At the end of last year we summarised the ruling in Aslam, Farrar and Others v Uber, a case in which the Employment Tribunal decided that two allegedly self employed taxi drivers working under the ‘Uber’ banner were actually ‘workers’ engaged by Uber and entitled to basic employment rights. It would seem however, that the Uber judgment was just the tip of the iceberg. Since that case was decided, two other high profile decisions have been handed down and more are on the horizon.
In Dewhurst v CitySprint UK Limited a bike courier – Ms Dewhurst – claimed that she was not, as suggested by CitySprint, an independent contractor but rather a ‘worker’ entitled to basic employment rights, including holiday pay. The Employment Tribunal agreed. The Judge was not persuaded that Ms Dewhurst was in business on her own account. Rather, she stated that Ms Dewhurst’s engagement by CitySprint was “not a commercial venture between two corporate entities”’ but actually a situation in which there was clear inequality of bargaining power between the parties, one of which plainly controlled the other. She also criticised the contract Ms Dewhurst had been provided alleging that she was an independent contractor, calling it ‘indecipherable’ and ‘window dressing’.
More recently, in Pimlico Plumbers and anor v Smith, the Court of Appeal was asked to consider the employment status of Mr Smith, a plumber who had spent six years working solely for one plumbing firm (Pimlico) on a full time basis. In finding that Mr Smith was a worker engaged by Pimlico, rather than a self employed contractor as Pimlico had sought to suggest, the Court followed the earlier rulings of the Employment Tribunal and the Appeal Tribunal and cited a range of key factors. Mr Smith’s work was highly restricted, in that he could not freely carry out work on his own behalf or for other companies while working for Pimlico and for three months thereafter; he was also heavily controlled by Pimlico who required him to work for a minimum of 36 hours a week, would not permit customers to contact him directly and stipulated that he had to use a Pimlico van when attending jobs. Finally, while Mr Smith was allowed to swap jobs with other Pimlico plumbers, he was not given an unrestricted right to send a substitute to carry out his jobs for him – he had to personally provide his services.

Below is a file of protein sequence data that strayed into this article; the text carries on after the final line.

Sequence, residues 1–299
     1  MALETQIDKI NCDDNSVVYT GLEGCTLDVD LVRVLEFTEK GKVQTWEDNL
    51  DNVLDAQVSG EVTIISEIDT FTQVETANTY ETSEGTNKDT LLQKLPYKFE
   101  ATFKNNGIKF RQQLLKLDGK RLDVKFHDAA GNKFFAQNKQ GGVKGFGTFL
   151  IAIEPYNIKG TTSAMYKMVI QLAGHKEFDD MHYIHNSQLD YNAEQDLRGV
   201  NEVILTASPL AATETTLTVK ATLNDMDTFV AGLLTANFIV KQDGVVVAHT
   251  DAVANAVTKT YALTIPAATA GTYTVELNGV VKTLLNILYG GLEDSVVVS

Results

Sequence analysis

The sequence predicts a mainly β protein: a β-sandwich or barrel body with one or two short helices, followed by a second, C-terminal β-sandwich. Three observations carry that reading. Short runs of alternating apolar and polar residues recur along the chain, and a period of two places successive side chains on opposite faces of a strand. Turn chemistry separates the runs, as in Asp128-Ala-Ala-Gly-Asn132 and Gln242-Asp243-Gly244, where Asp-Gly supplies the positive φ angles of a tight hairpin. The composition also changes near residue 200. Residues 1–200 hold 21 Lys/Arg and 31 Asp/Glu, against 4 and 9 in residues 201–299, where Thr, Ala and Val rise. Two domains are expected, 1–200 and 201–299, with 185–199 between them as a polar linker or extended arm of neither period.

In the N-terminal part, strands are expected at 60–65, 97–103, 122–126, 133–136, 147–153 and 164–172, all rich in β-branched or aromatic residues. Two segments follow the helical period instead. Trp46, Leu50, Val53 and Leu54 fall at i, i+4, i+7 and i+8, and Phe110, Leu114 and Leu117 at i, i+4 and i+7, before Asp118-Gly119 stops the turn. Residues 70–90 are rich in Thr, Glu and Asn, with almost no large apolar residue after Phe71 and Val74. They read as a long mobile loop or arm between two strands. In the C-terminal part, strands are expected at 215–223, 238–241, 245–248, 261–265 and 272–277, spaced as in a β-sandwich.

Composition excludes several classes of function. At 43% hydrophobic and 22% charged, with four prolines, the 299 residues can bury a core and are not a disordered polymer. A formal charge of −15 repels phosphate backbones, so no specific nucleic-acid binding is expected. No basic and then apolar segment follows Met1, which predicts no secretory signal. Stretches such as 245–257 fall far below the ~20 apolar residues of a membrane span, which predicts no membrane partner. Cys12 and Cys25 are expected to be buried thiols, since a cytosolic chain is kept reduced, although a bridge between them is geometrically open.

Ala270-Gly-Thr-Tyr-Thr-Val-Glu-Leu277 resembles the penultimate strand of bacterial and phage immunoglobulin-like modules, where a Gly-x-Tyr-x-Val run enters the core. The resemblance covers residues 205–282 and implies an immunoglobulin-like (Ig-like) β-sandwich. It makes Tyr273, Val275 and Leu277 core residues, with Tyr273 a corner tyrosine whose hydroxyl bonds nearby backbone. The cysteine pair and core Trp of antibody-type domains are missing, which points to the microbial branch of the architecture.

In light of these factors, the Court of Appeal did not feel able to find that Mr Smith was in business on his own account, carrying out services for Pimlico on a self employed basis or that Pimlico was one of Mr Smith’s clients or customers. Rather, the Court felt that he was a worker engaged by Pimlico and therefore entitled to the basic legal protections workers are afforded.
Cases such as these are complex and each is decided on its own facts. As such, it’s important not to suggest that these decisions will be followed in all future cases or that they lay down a clear precedent employers can seek to rely on without variation in the future. In fact, in the Pimlico case, Lord Justice Underhill actually warned against trying to draw any “very general conclusions” from the Court’s ruling and highlighted how “very live” the question of when a relationship is genuinely ‘casual’ is, at present.
However, while drawing general conclusions based on this new case law is perhaps not yet possible, cases such as Uber, CitySprint and Pimlico do serve to highlight just how much confusion still exists in connection with the question of ‘employment status’ and will hopefully push the Government to provide clearer guidance and support for those engaged in more flexible forms of work. This already seems to be happening with the Government announcing a six month review of modern working practices following these recent rulings, please click here to learn more.
This issue is clearly one that’s going to run and run. By way of example, Jason Moyer-Lee, the head of the Independent Workers Union of Great Britain (IWGB), is backing cases against other courier firms including Addison Lee, eCourier and Excel. Hearings in those cases are scheduled to take place in March and April 2017. The IWGB is also in talks with Deliveroo on behalf of a group of couriers in Brighton in connection with their pay and hours. We will, of course, keep you updated as matters progress but for now it really is a case of watch this space…
If you would like further information or advice on employment status and the engagement of casual or self employed staff, please contact Amy White, Solicitor at our Uckfield office (email@example.com) or Miranda Martin, Partner at our Brighton & Hove office (firstname.lastname@example.org).